Erdoğan, Obama talk on phone, agree on cooperation against ISIL
Turkish President Recep Tayyip Erdoğan and U.S. President Barack Obama spoke on the phone on Oct. 19 to discuss developments in Syria, including the situation of Kobane, the Kurdish town besieged by the Islamic State of Iraq and Levant (ISIL) for over a month.
The conversation came after Erdoğan returned from an official visit to Afghanistan, the presidential press office said.
The office stated that Obama and Erdoğan agreed to continue cooperating against ISIL and also touched on Turkey’s continuing efforts to shelter one and half million Syrian people, including almost 180,000 Kurds who have fled from Kobane.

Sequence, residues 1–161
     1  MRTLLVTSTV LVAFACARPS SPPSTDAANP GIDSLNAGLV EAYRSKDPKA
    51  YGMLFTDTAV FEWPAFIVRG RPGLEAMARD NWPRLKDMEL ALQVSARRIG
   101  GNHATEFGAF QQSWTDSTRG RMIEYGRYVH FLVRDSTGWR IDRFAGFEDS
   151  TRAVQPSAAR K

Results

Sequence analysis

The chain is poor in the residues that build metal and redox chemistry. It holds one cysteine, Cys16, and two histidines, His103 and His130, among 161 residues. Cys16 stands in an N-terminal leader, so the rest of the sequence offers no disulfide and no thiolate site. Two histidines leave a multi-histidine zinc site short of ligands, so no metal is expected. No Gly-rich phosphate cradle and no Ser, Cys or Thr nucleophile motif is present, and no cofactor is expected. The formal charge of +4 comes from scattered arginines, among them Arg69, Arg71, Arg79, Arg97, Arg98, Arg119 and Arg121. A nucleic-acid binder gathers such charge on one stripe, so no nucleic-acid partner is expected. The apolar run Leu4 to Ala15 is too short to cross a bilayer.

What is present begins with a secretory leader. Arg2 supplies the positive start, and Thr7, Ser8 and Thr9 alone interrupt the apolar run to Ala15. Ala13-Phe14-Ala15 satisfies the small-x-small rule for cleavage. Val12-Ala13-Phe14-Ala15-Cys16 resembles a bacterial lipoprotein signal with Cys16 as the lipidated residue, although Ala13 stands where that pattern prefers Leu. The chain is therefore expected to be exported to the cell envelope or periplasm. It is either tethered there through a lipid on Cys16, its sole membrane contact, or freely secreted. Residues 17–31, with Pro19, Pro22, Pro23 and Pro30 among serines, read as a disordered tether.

In Washington, a statement released by the White House indicated that it was Obama who initiated the conversation. The statement which was almost identical with the one released by Ankara summarized the focus of the conversation as “particularly the situation in Kobane, and steps that could be taken to counter ISIL advances.” White House also noted Obama’s appreciation “for Turkey hosting over a million refugees, including thousands from Kobane.”
The two leaders also emphasized the importance of the two countries’ collaboration to provide peace and stability in Afghanistan.